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Writers Police Academy

KN, p. 221 “The Stokes Basket Rescue Method”

 

A Stokes basket is a metal wire (or plastic) litter used by First Responders in difficult terrain.

 

Originally designed by Charles Francis Stokes, a Navy Surgeon General in the early 20th century, these baskets have been updated to keep pace with our changing requirements. Once used primarily in mountainous areas with transport occurring on the backs of donkeys and horses, the appearance of helicopters on the historical scene expanded the ways in which rescues could be conducted.


After the person’s immediate first aid needs are tended to, he/she is fastened into the litter, and then the litter can be moved. In my own case, I had a ski accident that included a deeply lacerated arm. I was dripping blood onto the snow, but since I didn’t ordinarily need poles to ski, I thought I could ski down the rest of the mountain to the First Aid Station on my own, holding the injured arm in front of me.


Wiser heads than mine prevailed. The mountain rescue team wrapped my arm, lowered me into a Stokes basket, and strapped me in. I was towed about a half mile across a mogul field by a pair of guys from the Ski Patrol. It was a bumpy ride over that mogul field, but there was no other way to get me down to the waiting ambulance.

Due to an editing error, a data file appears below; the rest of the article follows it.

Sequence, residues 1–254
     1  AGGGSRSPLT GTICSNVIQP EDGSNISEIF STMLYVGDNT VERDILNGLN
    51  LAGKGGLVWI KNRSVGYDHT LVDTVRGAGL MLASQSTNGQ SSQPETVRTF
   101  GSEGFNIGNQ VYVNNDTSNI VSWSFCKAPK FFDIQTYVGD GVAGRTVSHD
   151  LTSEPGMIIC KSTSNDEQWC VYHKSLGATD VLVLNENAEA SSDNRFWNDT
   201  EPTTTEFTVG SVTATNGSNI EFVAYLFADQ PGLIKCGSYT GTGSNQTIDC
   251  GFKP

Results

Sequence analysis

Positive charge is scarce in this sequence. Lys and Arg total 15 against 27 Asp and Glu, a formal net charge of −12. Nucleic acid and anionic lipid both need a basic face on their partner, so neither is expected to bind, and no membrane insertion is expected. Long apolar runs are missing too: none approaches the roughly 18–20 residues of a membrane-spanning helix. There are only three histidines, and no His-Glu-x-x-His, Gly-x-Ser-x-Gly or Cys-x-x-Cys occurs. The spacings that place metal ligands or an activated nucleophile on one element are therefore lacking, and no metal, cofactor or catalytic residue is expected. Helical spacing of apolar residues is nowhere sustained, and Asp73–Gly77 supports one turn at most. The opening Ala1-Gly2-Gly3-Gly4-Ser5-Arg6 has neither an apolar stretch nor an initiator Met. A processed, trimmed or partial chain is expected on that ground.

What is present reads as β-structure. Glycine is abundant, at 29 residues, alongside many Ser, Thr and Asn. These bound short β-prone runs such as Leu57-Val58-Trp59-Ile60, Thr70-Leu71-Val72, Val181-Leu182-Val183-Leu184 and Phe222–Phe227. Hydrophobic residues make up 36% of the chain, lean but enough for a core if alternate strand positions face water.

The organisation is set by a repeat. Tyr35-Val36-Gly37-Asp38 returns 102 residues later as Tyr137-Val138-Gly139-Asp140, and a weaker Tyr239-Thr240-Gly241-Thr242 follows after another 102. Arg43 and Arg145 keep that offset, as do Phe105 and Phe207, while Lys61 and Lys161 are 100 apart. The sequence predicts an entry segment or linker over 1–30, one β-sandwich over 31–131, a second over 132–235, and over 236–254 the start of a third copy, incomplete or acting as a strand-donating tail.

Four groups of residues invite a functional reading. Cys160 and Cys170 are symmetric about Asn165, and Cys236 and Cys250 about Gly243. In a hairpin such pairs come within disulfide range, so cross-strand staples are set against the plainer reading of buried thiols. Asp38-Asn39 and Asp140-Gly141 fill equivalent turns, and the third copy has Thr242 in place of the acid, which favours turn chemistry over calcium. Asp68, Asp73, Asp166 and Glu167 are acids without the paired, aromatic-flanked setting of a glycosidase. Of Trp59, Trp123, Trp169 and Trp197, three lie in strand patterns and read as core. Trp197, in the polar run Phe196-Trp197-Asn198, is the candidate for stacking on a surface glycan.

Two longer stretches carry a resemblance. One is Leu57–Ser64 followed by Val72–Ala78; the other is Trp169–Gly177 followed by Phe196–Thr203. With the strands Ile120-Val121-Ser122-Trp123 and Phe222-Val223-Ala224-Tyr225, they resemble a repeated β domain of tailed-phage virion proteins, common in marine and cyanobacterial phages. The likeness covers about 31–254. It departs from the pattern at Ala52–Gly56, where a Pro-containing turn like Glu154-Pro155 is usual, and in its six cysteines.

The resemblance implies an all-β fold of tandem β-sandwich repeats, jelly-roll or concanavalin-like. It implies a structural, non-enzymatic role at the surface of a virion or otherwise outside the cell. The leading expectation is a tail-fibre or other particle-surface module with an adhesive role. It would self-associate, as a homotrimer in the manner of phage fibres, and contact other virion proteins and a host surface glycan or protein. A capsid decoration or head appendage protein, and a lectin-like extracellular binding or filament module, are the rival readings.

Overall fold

I was towed behind skis, but snowmobiles, horses, and ATVs have all been employed to
get the injured through the woods or hill country.

 

StokesSuspendedWith specially attached ropes and in limited situations, people can be also be lifted to safety by helicopter. Natural disasters sometimes cut people off from ground transportation, so people have been airlifted out of wildfires or flooded areas without the helicopter ever having to set down. Somebody on the ground helps the injured person get into the basket, attaches it to the pulley system, and then the helicopter takes them to safety. The photo shows the same Stokes basket (with demo dummy) and the single rope leading to the tie-down spot.

 

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The view of the underside of the six-foot Stokes basket reveals the mesh insert that keeps the patient’s limbs from falling through the open steel frame. In addition, the dark blue insert provides some comfort and support to the upper body.

 

Stokes baskets are also used to rescue victims from confined spaces, like caves or collapsed buildings. I recently discovered that some baskets used in surface water rescue have floats attached. If used in mountain rescue, the litters might come with a lid/cover to either protect the person from falling rocks or keep the patient from falling out, should it tip.